• Details required documentation and recordkeeping

Public Comments Welcomed

While Interim Instruction NOP 4013 is designed to assist USDA accredited certifiers, public comment is also invited.

The 60-day public comment period runs from October 25, 2017 until December 26, 2017.

NCAT Grower Survey

The 2014 Farm Bill required the USDA to create premium organic price elections for all commodities and to offer a new insurance product—Whole-Farm Revenue Protection.

We are conducting a national survey of needs and attitudes, in order to make recommendations to the USDA on further improvements to crop insurance for organic, diversified, and specialty crop growers.

That survey closes October 31, 2017.

Please take a confidential 20-minute survey at And share the link with friends and colleagues; here’s a social media post you can use.

Anyone farming or ranching commercially in the United States is eligible to participate, and we are offering a $20 honorarium to early respondents.The survey can be taken on any computer, smart phone, or other mobile device. To preview the survey before taking it, go to

For more information, click here or e-mail

Farm Bill Fridays

The House Agriculture Committee on Friday launched a new video series entitled “Farm Bill Friday,” and said it would release a new video from members of the House Conference weekly highlighting the importance of a strong Farm Bill for all Americans. Watch committee member Congressman Don Bacon of Nebraska kick off the Farm Bill Friday series.

More time proposed for produce water standards

The U.S. Food and Drug Administration (FDA) is proposing extending compliance deadlines on Food Safety and Modernization Act (FSMA) provisions for produce water standards. Finalized in 2015, the water standards aim at keeping deadly pathogens like E. coli 0157:H7 out of water used to grow crops by increasing testing and monitoring efforts. The proposed extension appeared Wednesday in the Federal Register. FDA said it would extend compliance deadlines after receiving feedback from farmers and other stakeholders that more time is necessary to ensure farmers have the necessary training and information to comply and that states establish strong produce regulatory programs before inspections begin. To learn more about the Organic Trade Association’s role in shaping food safety regulations, visit our food safety web page. The proposed rule is open for public comment until November 13.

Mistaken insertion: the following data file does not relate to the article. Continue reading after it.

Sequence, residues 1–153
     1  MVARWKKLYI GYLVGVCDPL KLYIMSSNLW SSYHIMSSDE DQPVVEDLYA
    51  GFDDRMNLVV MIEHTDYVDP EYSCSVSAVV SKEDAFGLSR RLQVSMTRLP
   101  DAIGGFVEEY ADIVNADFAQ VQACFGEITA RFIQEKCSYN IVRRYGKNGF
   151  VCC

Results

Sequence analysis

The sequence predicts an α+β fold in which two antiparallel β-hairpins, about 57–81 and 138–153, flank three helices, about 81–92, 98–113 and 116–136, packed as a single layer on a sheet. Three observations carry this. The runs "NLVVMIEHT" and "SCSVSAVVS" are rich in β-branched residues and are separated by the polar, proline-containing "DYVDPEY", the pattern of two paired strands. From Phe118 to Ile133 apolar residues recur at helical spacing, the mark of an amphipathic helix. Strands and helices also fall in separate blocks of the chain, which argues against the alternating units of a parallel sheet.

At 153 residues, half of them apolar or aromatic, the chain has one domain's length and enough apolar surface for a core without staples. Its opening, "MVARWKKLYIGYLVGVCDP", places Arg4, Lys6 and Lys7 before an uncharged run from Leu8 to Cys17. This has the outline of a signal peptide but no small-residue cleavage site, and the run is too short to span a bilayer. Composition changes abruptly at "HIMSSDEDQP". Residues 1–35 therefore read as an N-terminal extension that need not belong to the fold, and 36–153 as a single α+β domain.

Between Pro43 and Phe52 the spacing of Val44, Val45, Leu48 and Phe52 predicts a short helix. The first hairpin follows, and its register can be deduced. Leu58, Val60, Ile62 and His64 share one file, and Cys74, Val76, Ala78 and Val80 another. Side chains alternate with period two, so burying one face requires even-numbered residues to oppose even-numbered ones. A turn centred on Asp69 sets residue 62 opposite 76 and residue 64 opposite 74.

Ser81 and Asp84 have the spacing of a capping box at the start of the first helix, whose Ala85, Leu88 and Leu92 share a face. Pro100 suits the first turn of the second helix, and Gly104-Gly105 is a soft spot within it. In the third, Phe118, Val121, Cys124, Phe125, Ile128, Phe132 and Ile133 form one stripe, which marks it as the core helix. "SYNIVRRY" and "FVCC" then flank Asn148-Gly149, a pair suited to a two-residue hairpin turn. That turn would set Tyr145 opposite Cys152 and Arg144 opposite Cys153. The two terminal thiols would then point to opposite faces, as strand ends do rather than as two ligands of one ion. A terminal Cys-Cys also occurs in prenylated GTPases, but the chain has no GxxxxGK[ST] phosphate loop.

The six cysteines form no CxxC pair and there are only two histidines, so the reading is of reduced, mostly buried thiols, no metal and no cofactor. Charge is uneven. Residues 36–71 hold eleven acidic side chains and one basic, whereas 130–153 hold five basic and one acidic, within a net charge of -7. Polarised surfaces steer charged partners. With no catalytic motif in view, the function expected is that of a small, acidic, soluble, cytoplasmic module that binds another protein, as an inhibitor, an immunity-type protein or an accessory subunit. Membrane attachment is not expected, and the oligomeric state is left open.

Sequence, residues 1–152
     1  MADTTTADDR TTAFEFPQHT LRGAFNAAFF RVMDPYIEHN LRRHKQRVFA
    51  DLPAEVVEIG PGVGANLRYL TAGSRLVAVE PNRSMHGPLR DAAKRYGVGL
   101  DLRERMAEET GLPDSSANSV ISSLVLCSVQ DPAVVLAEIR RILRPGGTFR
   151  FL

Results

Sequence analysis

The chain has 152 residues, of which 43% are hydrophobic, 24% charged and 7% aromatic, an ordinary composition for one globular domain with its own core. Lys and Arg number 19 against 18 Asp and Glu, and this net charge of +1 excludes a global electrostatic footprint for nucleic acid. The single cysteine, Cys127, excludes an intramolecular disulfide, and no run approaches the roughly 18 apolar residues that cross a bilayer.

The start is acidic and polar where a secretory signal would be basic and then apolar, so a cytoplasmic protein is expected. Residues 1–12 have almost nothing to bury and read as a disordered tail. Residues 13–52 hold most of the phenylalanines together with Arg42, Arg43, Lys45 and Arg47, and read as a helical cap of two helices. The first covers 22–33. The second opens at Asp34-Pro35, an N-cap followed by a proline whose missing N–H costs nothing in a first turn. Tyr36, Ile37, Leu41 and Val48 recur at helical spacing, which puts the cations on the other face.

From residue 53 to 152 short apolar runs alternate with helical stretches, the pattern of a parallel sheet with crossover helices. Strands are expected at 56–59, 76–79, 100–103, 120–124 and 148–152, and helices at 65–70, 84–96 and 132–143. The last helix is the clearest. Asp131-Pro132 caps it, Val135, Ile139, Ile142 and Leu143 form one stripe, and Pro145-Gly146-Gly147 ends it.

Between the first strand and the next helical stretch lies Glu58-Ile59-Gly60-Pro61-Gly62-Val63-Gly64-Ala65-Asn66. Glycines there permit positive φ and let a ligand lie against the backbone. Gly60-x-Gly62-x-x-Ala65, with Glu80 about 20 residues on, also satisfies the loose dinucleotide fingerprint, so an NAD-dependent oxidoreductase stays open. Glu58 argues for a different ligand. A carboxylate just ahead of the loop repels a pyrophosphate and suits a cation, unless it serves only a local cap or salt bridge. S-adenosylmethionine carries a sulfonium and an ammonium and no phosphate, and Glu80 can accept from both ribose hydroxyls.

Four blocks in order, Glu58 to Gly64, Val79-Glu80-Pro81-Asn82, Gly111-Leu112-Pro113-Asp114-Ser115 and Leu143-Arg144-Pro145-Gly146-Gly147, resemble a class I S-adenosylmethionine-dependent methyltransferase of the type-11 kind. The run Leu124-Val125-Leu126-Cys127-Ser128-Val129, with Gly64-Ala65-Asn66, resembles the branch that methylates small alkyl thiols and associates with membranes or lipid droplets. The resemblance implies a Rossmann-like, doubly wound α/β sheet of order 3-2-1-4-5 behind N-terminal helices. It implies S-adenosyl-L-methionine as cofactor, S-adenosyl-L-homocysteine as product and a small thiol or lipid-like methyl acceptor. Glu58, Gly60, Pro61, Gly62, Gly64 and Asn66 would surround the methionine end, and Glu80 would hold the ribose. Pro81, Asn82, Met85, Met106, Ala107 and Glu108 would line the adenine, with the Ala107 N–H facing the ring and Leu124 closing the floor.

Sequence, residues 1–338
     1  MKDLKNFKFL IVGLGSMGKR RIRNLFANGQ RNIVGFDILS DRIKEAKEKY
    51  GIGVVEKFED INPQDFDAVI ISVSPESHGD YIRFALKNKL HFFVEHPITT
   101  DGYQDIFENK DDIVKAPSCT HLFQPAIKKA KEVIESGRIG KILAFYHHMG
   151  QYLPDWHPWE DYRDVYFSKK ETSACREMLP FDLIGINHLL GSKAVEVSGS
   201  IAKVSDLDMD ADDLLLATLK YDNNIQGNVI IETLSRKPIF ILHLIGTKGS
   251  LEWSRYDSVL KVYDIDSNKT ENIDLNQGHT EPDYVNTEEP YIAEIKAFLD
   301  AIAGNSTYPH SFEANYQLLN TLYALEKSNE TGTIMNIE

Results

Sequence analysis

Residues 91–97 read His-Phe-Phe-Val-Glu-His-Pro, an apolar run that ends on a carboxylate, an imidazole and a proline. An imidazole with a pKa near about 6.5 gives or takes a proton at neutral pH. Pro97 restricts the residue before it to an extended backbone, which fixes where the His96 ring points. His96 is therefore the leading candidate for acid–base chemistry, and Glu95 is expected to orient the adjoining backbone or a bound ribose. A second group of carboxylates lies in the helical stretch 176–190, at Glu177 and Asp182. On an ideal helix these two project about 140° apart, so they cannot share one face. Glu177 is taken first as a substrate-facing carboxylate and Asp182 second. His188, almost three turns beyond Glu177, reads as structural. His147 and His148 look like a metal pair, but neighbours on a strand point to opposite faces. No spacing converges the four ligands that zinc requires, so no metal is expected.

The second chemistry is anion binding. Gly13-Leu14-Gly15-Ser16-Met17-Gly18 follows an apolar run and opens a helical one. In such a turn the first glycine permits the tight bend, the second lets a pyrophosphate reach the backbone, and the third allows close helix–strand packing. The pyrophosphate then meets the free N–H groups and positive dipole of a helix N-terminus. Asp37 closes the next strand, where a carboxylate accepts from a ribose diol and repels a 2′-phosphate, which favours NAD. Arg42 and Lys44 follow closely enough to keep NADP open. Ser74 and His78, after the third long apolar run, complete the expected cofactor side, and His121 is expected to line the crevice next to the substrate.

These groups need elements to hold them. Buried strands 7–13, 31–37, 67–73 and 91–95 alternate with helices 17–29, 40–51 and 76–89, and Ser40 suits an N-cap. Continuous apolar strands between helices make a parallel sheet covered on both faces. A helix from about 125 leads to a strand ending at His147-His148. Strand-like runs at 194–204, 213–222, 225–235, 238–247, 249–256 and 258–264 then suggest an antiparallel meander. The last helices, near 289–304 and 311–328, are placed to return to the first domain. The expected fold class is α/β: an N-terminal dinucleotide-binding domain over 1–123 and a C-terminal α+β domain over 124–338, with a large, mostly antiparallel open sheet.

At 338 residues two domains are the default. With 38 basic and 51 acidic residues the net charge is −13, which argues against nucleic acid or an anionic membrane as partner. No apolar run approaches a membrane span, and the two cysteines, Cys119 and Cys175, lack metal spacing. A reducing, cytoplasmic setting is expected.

Mainers Urged to Sign Up for Free Disposal of Unusable Pesticides

AUGUSTA— This October, the Maine Department of Agriculture, Conservation and Forestry’s (DACF) Board of Pesticides Control (BPC) will team up with the Maine Department of Environmental Protection (DEP) to help Mainers dispose of unusable and waste pesticides. The Obsolete Pesticides Collection Program, jointly sponsored by the BPC and DEP, and funded through pesticide product registration fees, has kept more than 99 tons of pesticides out of the waste stream since its start in 1982.

This free annual program is open to homeowners, family-owned farms and greenhouses. Collections will occur at four sites: Presque Isle, Bangor, Augusta, and Portland. Participants must pre-register by September 29, 2017. Drop-ins are not permitted. The collected chemicals will be taken to out-of-state disposal facilities licensed by the federal Environmental Protection Agency where they are incinerated or reprocessed. Click here for more info!

MCS has moved!

The Organic Sprout – Spring 2017

MCS_Organic Sprout_Spring2017_FInal

The spring Organic Sprout is here! Certified producers will receive a copy in the mail, but you can read it online right now.

MCS Staff Announcement

Katy Green has joined MCS as a full time staff inspector and materials reviewer, and is replacing our outgoing staff inspector, Jake Galle. Katy has worked for MOFGA since 2008, primarily helping farmers and processors transition to organic production.  This work has allowed Katy to travel all over the state offering assistance, guidance, and answering questions about complying with the organic standards.  She is excited that her work with MCS will still have her traveling all over the state and that she’ll be able to apply the knowledge learned from working with clients transitioning to organic production to her new role working with the certification program.  Katy can be reached at her same email address: